# Difference between revisions of "Restricted Boltzmann machine"

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A '''restricted Boltzmann machine''', commonly abbreviated as '''RBM''', is a neural network where neurons beyond the visible have probabilitistic outputs. The machine is restricted because connections are restricted to be from one layer to the next, that is, having no intra-layer connections. | A '''restricted Boltzmann machine''', commonly abbreviated as '''RBM''', is a neural network where neurons beyond the visible have probabilitistic outputs. The machine is restricted because connections are restricted to be from one layer to the next, that is, having no intra-layer connections. | ||

− | As with [[contrastive Hebbian learning]], there are two phases to the model, a ''positive'' phase, or ''wake'' phase, and a negative phase, or ''sleep'' phase. | + | As with [[contrastive Hebbian learning]], there are two phases to the model, a ''positive'' phase, or ''wake'' phase, and a ''negative'' phase, or ''sleep'' phase. |

==Model== | ==Model== |

## Revision as of 17:41, 26 April 2012

A **restricted Boltzmann machine**, commonly abbreviated as **RBM**, is a neural network where neurons beyond the visible have probabilitistic outputs. The machine is restricted because connections are restricted to be from one layer to the next, that is, having no intra-layer connections.

As with contrastive Hebbian learning, there are two phases to the model, a *positive* phase, or *wake* phase, and a *negative* phase, or *sleep* phase.

## Model

We use a set of binary-valued neurons. Given a set of k-dimensional inputs represented as a column vector <math>\vec{x} = [x_1, x_2, \cdots, x_k]^T</math>, and a set of *m* neurons with (initially random, between -0.01 and 0.01) synaptic weights from the inputs, represented as a matrix formed by *m* weight column vectors (i.e. a *k* row x *m* column matrix):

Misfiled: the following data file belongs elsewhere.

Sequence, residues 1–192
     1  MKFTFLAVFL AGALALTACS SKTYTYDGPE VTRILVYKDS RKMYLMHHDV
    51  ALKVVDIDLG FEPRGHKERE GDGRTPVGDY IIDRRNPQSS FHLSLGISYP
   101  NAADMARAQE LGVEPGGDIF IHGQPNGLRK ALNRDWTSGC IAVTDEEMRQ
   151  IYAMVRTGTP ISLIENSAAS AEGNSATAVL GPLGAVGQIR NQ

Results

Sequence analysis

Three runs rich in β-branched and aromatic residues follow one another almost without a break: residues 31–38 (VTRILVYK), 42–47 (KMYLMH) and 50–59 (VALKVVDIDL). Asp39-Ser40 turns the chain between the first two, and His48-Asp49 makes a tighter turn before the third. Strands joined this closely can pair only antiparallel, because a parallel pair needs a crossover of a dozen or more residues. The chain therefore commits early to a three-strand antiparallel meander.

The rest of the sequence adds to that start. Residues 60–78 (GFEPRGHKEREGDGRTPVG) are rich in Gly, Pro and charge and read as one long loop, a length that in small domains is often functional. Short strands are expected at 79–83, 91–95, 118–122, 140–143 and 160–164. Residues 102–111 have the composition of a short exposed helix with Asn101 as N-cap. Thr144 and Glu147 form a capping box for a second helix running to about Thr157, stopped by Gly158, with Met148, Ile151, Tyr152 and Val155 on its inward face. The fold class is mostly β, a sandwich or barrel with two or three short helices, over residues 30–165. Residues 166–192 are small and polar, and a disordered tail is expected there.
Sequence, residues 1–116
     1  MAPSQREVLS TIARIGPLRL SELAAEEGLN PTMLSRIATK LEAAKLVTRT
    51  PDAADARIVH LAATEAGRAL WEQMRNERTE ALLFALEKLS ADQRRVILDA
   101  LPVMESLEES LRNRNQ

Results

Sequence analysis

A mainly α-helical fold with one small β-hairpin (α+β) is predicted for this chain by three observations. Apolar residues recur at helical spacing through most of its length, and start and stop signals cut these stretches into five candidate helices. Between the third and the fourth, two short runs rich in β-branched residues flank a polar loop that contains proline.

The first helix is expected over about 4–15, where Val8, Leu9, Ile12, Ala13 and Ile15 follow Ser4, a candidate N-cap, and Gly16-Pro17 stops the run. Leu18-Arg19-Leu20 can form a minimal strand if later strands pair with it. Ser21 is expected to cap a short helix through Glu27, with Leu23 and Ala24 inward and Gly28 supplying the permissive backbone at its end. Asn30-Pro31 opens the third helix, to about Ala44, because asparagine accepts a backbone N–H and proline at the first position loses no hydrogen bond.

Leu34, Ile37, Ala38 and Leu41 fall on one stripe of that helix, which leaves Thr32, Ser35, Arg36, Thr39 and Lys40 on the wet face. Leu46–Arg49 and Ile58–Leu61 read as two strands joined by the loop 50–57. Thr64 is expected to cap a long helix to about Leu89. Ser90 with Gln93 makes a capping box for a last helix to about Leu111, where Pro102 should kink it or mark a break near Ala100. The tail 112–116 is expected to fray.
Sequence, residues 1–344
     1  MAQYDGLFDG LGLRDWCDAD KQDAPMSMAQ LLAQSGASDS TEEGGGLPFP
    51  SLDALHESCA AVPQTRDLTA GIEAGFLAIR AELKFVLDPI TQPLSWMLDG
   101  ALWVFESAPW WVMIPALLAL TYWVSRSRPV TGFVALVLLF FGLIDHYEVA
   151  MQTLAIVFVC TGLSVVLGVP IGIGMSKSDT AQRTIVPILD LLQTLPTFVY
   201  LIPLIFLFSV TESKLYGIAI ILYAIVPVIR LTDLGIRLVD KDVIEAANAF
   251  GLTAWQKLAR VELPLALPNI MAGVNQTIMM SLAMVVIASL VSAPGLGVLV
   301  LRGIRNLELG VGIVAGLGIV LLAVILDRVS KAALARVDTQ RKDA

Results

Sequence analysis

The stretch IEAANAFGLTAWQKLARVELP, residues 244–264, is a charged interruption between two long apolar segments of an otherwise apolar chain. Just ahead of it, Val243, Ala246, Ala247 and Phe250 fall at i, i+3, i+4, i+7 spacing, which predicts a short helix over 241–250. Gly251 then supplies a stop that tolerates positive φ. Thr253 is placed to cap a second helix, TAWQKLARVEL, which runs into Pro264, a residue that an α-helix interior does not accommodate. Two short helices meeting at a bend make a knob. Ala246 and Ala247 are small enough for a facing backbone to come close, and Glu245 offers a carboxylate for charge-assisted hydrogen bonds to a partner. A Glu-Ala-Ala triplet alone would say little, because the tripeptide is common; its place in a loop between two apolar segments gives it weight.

w_{11} & w_{12} & \cdots & w_{1m}\\ w_{21} & w_{22} & \cdots & w_{2m}\\ \vdots & & & \vdots \\ w_{k1} & w_{m2} & \cdots & w_{km}

\end{bmatrix}</math>where <math>w_{ij}</math> is the weight between input *i* and neuron *j*.

During the positive phase, the output of the set of neurons is defined as follows:

where <math>\vec{p_y}</math> is a column vector of probabilities, where element <math>i</math> indicates the probability that neuron <math>i</math> will output a 1. <math>\varphi \left ( \cdot \right )</math> is the logistic sigmoidal function:

During the negative phase, from this output, a binary-valued *reconstruction* of the input <math>\vec{x'}</math> is formed as follows. First, choose the binary outputs of the output neurons <math>\vec{y}</math> based on the probabilities <math>\vec{p_y}</math>. Then:

Then the reconstructed binary inputs <math>\vec{x'}</math> based on the probabilities <math>\vec{p_{x'}}</math>. Next, the binary outputs <math>\vec{y'}</math> are computed again based on the probabilities <math>\vec{p_{y'}}</math>, but this time from the reconstructed input:

This completes one *wake-sleep* cycle.

To update the weights, a wake-sleep cycle is completed, and weights updated as follows:

where <math>\eta</math> is some learning rate. This method is called *contrastive divergence*.

A batch update can also be used, where all the patterns are presented, the wake and sleep results recorded, and then the updates done as follows:

where <math>\left \langle \cdot \right \rangle</math> is an average over the input presentations.

In practice, several wake-sleep cycles can be run before doing the weight update. This is known as *Gibbs sampling*.